Trigger warnings: suicide, depression, anxiety, abortion
I grew up in a family that was (and still is) irrevocably in love with conversation. Dinner tables were never quiet, and we rarely brought up the weather. My mother would set a gigantic bowl of pesto on the table and say, “Elliot, what are your thoughts on this whole abortion thing?”, or it would be watercress soup and “what do you think about sex before marriage?” It wasn’t really dinner if she didn’t, at some point or another, ask, “so, how was your day?”
But for all our noisy pesto arguments and watercress debates, the topic of mental illness never really came up. Part of it, I guess, was the Singaporean need to be “strong”, to not admit we “couldn’t control our feelings”. Part of it, I’m sure, was the fact that mental illness just wasn’t a hot topic. You don’t read informative news articles about psychological breakdowns. You don’t hear politicians advocating mental wellbeing the same way they fight for (or against) abortion bans. Maybe we should have talked more about it, I don’t know. What I do know is that I was comfortable with the silence. There was a sort of relief in knowing that I wasn’t burdening anybody with talk about my depressive episodes. Almost as if not talking about it made them less serious, made me more in control. As if the whirlwind of moral debates and movie reviews was equivalent to a cure, a sort of affirmation.
If not even our our relentlessly talkative family could start a conversation on depression or anxiety, how could anyone expect the entire nation to?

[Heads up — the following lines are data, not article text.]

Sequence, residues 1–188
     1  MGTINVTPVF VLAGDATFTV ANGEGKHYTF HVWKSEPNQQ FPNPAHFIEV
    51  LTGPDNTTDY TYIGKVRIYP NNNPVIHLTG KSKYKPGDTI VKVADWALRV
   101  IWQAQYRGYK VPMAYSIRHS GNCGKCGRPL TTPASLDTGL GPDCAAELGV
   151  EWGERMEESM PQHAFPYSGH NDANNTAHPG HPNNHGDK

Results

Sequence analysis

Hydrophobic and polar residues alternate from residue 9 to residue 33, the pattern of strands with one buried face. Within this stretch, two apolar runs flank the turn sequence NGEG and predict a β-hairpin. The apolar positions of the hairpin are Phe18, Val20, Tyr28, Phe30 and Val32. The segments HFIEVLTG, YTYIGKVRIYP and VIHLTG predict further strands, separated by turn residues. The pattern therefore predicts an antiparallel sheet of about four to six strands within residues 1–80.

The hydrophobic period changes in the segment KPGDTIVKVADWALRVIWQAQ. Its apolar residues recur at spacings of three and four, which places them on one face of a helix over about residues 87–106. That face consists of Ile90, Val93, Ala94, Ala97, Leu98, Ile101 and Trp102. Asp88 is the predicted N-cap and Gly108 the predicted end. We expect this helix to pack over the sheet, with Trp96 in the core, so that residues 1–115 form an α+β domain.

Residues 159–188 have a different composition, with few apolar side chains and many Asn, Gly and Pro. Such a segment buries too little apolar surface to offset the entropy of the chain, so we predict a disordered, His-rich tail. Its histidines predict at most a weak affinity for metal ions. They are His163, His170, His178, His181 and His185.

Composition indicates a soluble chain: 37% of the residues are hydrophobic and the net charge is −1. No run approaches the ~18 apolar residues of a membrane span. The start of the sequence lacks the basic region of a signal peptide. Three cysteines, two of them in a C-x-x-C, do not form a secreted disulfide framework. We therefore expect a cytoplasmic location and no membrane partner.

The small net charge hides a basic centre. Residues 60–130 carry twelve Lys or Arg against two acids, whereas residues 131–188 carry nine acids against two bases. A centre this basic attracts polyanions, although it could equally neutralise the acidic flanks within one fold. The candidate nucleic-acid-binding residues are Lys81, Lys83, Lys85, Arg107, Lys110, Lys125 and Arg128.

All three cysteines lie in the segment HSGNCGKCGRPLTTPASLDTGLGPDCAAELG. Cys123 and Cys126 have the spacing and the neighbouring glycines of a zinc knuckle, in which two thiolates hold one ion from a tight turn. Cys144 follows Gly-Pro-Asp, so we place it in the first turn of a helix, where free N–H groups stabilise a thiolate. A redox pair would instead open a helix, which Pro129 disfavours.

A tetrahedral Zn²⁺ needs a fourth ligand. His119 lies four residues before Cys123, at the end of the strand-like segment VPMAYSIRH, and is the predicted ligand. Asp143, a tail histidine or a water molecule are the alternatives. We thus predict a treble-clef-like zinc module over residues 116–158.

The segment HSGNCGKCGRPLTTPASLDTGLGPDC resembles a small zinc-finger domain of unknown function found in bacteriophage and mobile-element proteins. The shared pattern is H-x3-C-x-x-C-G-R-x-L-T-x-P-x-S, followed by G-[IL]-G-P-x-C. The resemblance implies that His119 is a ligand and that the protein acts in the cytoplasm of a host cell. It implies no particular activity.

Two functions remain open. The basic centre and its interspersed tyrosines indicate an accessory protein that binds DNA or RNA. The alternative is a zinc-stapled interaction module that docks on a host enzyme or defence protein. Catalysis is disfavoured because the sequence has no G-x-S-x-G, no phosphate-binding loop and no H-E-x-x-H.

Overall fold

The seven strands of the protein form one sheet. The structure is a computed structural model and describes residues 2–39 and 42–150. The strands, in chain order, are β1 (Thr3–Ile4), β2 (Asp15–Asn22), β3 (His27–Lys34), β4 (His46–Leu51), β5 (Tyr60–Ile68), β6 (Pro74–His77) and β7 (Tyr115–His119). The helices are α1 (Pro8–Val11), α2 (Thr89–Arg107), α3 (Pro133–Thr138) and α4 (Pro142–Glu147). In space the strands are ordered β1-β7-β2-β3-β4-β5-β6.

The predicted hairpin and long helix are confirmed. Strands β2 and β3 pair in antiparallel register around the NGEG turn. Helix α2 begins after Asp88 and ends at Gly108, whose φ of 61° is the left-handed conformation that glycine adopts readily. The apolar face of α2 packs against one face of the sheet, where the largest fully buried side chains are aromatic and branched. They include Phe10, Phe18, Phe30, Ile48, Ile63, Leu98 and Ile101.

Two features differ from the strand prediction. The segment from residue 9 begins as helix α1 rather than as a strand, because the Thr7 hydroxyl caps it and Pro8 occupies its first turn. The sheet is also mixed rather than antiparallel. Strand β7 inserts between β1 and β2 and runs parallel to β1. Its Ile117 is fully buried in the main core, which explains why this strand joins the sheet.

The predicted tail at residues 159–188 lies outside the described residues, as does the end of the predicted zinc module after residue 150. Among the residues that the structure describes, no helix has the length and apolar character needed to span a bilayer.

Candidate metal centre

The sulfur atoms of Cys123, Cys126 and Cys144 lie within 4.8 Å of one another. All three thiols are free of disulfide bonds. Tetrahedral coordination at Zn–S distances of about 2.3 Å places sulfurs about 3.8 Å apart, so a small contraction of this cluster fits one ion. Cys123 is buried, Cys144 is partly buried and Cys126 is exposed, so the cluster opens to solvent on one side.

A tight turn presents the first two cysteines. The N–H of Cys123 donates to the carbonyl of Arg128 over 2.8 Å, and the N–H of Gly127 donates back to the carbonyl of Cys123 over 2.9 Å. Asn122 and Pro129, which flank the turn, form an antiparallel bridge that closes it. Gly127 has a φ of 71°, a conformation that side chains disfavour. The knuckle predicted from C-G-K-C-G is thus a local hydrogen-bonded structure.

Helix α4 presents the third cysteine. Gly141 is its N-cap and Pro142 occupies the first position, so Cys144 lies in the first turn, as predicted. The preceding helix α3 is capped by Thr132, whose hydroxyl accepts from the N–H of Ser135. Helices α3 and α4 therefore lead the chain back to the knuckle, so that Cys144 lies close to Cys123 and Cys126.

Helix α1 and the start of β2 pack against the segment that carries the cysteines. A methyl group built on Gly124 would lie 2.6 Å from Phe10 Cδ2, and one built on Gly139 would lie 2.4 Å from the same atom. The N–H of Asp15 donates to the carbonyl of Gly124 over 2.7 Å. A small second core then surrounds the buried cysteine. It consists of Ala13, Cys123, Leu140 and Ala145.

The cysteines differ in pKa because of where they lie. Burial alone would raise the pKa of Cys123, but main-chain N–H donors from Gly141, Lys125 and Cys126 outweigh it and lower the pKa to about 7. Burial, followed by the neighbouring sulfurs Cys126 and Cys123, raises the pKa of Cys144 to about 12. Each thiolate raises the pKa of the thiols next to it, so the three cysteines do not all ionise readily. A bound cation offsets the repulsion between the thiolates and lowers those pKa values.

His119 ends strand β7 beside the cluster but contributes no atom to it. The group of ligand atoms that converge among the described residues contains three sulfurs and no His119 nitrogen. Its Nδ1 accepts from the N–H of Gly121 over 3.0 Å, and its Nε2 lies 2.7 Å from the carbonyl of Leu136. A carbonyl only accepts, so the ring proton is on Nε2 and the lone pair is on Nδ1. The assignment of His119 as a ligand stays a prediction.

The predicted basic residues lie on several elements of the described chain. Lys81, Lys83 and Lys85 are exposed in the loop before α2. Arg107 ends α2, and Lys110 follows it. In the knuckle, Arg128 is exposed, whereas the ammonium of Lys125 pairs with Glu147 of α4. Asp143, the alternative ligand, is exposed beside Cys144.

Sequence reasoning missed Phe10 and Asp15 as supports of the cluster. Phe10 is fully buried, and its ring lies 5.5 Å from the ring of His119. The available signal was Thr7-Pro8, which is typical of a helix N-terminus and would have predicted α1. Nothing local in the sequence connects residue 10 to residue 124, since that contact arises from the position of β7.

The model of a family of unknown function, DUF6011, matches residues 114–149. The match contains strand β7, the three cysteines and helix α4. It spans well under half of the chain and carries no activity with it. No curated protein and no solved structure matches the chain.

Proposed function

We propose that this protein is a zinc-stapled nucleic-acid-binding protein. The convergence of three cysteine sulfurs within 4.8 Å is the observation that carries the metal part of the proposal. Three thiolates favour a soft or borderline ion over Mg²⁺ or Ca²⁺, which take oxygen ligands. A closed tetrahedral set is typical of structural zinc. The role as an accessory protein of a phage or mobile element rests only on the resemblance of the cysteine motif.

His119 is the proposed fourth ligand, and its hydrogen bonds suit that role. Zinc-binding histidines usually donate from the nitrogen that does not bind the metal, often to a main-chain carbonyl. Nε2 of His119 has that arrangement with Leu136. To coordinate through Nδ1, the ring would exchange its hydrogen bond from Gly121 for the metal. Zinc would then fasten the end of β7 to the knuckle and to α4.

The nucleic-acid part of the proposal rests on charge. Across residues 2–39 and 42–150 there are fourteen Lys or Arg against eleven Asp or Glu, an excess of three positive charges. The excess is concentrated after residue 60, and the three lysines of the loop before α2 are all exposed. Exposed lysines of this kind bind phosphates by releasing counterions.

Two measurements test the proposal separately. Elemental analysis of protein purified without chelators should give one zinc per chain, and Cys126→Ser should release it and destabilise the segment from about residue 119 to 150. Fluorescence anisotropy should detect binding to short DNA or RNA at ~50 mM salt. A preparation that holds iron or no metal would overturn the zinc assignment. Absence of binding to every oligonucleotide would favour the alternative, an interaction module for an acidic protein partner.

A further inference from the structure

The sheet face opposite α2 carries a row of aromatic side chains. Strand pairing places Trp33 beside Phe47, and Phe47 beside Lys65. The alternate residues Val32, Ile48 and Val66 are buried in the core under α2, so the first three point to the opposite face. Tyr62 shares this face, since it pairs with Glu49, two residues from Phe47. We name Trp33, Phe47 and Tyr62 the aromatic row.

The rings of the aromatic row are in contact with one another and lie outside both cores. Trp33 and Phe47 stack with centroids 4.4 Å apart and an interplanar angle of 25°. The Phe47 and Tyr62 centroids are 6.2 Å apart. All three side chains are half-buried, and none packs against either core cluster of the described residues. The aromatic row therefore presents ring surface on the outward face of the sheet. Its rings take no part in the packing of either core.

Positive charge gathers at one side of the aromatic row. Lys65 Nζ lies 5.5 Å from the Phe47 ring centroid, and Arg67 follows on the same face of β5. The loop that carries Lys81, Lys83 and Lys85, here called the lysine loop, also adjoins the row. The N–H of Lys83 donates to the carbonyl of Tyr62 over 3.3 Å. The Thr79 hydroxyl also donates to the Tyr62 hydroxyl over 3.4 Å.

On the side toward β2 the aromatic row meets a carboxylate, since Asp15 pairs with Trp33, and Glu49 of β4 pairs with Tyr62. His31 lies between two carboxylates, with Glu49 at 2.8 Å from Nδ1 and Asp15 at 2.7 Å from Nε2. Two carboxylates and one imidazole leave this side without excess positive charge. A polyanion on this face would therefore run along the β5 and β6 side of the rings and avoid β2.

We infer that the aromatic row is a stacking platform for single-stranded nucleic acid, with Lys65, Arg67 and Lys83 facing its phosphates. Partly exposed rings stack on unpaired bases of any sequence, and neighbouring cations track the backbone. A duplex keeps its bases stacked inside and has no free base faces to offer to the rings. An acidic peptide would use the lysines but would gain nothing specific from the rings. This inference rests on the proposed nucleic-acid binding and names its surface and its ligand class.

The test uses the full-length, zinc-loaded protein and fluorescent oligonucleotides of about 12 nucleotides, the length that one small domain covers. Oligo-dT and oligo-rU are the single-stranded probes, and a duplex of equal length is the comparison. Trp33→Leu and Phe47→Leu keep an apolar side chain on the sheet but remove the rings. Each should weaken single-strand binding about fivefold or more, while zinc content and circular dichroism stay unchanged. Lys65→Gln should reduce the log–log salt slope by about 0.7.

Apparently, somebody could. In a lead-up to World Suicide Prevention Day 2016, Samaritans of Singapore launched their #howru campaign. The concept was that less people would be killing themselves if they had someone to talk to. The goal was to raise $50,000 to fund suicide prevention programmes. By the time the campaign expired, it had raised $5,550. That’s about eleven percent of its goal. There are so many plausible explanations for the result of the campaign — maybe Singaporeans weren’t ready to talk about suicide openly. Maybe our mindset hadn’t changed enough.
Maybe I should have been bothered by the lack of enthusiasm surrounding the campaign. But the same soothing voice that had convinced me it was alright not to talk about those feelings with my family came back. I was sort of glad the movement hadn’t picked up. I felt safe, uninvaded. I could breathe, knowing I’d never have to worry about near-strangers nettling me about my suicidal thoughts.
When I got to university, my school’s Students Union launched a similar campaign called Are You OK? The concept was basically the same — that those struggling with mental illness need someone to talk to, and a simple “are you OK?” can change things.
I wanted so badly to feel good about this. I wanted my response to be, “thank god; someone thinks my issues are valid”. But it wasn’t. My response was cynicism and nervousness.
Don’t get me wrong, I know these movements come from a good place, and I guess it’s good to bring mental health awareness into a more public space, no matter how awkwardly we try to do it.
But on those days that I can’t bring myself to get out of bed, on nights I can’t fall asleep or eat, the last thing I want is to talk about it. One of — if not the worst — the worst things about feeling this way is that you constantly worry how your loved ones might feel. You worry you’re being a burden. You worry they’ll start worrying about you too much. You worry they’ll think it’s their fault. Talking to someone sometimes makes that feeling so much worse. You end the conversation feeling twice as nervous. You walk away thinking, “was that necessary? Have I hurt them?” Maybe it’s just me. I’m sure there must be people who always want to talk about how they’re feeling. I’m just not one of them, and it’s uncomfortable to look at mental health campaigns and realise they’ve lumped all of us together — one big group of sad people who just really need to rant.